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oren

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Re: It is an ancient manuscript ...
« Reply #5 on: July 30, 2017, 12:28:22 AM »
I must say, having never heard of this manuscript and its mystery, that the whole subject is quite interesting, and your analysis quite amazing...

Amazing?    Would that be amazing 1 or amazing 1.1 ?  :-)
Lol, actually 1.1, very impressive, though I am in no position to validate the results.

logicmanPatrick

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Re: It is an ancient manuscript ...
« Reply #6 on: July 30, 2017, 12:47:29 AM »
I must say, having never heard of this manuscript and its mystery, that the whole subject is quite interesting, and your analysis quite amazing...

Amazing?    Would that be amazing 1 or amazing 1.1 ?  :-)
Lol, actually 1.1, very impressive, though I am in no position to validate the results.

Well, I rely heavily on dictionaries because my Latin is limited to
veni vidi vice
romani ite domum, q.v. 
q.e.d.
w.t.f.
et ceteris

But see my sig - which translates as "if you can read this you are over-educated".

----------------------------------

I've been looking again at the so-called maps folio - hires image here.

It will take a while to translate it all, but here are some advance snippets of my thoughts, to be blogged soon.

Since the manuscript is now, if my translations are anywhere near accurate, herbal-bath themed, perhaps the 'map' is not a map.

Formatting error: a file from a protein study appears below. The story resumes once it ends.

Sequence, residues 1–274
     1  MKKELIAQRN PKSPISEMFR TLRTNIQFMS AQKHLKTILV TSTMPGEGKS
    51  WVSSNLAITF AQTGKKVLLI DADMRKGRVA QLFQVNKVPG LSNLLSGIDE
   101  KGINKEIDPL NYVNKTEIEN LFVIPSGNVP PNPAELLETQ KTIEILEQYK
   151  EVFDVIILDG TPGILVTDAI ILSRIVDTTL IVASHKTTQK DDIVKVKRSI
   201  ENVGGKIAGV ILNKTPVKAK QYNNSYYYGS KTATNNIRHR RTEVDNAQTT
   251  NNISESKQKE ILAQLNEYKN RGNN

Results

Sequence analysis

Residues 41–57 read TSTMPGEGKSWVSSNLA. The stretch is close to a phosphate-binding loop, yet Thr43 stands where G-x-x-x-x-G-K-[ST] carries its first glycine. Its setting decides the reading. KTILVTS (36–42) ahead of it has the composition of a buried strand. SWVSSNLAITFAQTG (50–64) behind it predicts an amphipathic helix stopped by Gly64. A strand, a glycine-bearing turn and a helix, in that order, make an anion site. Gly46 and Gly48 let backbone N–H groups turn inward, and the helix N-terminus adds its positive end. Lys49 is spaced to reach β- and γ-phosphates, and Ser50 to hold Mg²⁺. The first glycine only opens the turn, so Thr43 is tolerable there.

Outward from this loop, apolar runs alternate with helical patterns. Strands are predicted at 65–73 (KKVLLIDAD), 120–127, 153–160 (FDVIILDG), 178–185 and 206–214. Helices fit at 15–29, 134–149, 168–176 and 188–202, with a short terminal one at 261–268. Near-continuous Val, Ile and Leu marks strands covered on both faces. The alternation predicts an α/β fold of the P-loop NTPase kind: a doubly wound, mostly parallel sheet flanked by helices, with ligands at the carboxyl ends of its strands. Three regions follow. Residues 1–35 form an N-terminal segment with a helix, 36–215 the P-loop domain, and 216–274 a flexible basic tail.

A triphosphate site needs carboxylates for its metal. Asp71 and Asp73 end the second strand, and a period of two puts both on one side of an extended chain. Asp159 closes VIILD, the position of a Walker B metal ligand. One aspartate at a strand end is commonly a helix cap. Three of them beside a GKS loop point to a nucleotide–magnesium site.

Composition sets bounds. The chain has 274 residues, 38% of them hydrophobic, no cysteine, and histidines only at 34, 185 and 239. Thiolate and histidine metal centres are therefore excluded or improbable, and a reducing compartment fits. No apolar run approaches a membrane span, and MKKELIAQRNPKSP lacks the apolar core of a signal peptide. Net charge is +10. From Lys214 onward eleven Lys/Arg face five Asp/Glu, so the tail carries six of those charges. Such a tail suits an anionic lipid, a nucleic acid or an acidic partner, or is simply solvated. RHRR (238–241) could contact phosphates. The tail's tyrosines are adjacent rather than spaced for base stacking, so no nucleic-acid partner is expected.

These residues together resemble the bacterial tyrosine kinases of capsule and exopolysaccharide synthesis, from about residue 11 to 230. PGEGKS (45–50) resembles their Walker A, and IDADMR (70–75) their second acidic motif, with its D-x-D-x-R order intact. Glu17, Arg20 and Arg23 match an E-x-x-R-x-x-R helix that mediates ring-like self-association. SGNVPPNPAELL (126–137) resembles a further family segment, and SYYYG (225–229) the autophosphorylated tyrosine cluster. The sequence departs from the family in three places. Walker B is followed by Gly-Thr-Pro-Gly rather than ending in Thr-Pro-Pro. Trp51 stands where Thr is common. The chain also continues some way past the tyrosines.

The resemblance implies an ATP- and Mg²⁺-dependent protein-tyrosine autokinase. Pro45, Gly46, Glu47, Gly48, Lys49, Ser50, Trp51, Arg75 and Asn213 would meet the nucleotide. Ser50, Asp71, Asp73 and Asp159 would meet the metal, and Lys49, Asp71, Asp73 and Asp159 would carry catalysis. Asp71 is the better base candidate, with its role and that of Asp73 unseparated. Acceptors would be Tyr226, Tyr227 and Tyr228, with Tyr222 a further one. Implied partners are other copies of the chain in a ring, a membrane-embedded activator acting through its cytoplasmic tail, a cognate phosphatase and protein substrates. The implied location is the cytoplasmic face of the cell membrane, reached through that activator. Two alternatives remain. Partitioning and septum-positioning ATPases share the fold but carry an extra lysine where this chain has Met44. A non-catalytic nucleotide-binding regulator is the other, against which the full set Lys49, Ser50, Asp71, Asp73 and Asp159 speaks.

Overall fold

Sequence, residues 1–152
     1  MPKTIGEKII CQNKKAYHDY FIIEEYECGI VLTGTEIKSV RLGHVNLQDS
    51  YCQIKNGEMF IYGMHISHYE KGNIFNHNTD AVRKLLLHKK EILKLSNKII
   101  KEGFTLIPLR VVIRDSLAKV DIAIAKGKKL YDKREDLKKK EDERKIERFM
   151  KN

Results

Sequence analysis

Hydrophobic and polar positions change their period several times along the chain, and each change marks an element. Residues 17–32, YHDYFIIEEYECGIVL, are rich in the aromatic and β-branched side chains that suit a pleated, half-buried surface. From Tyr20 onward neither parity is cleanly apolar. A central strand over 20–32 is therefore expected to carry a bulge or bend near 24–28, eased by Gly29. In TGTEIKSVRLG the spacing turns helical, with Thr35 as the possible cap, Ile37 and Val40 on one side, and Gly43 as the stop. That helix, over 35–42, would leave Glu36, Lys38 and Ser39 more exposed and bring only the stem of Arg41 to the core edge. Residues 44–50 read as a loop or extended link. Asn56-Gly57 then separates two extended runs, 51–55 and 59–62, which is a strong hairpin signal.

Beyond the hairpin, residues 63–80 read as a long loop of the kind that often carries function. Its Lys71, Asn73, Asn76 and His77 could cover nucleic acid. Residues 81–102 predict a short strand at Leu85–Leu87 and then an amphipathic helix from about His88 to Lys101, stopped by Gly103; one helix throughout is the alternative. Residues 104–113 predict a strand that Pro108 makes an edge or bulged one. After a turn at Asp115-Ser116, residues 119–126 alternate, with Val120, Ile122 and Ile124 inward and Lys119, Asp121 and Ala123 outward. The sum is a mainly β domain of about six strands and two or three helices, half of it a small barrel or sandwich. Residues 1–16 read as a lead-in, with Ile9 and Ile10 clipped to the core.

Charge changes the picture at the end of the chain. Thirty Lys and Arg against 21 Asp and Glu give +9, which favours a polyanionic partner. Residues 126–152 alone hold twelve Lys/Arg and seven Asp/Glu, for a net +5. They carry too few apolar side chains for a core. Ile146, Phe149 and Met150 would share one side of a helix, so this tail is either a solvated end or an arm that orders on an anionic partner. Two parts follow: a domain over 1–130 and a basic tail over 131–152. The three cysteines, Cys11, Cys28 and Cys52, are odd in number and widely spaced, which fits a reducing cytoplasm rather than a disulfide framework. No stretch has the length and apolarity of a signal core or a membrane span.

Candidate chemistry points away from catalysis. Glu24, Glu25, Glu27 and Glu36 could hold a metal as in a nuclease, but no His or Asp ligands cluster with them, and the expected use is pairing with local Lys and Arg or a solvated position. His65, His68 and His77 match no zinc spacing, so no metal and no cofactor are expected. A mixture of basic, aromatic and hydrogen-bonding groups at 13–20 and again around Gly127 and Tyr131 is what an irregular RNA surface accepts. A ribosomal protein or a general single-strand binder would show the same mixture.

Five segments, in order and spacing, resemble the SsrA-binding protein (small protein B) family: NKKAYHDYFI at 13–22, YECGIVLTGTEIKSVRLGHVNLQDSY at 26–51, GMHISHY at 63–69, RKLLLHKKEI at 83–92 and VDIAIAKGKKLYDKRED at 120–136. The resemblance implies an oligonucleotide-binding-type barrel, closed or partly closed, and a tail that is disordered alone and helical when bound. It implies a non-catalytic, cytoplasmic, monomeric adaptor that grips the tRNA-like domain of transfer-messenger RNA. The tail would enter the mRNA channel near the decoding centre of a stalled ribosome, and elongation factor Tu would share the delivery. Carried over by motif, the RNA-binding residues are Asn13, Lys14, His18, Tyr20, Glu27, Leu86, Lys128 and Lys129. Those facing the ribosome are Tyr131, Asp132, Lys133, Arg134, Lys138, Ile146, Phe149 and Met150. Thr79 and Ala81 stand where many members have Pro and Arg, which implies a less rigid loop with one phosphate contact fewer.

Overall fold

Map > plan > scheme > schematic

Perhaps the 'map' is a sketch, schematic or layout of the parts of proposed public baths.

Does the linked image show, bottom right, a canopy for a bath-house?
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AbruptSLR

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Re: It is an ancient manuscript ...
« Reply #7 on: July 30, 2017, 04:28:30 AM »
Since the manuscript is now, if my translations are anywhere near accurate, herbal-bath themed, perhaps the 'map' is not a map.

Map > plan > scheme > schematic

Perhaps the 'map' is a sketch, schematic or layout of the parts of proposed public baths.

Does the linked image show, bottom right, a canopy for a bath-house?

It looks like the illustrations likely show an invention to efficiently supply clean water to communal Jewish baths called mikvah: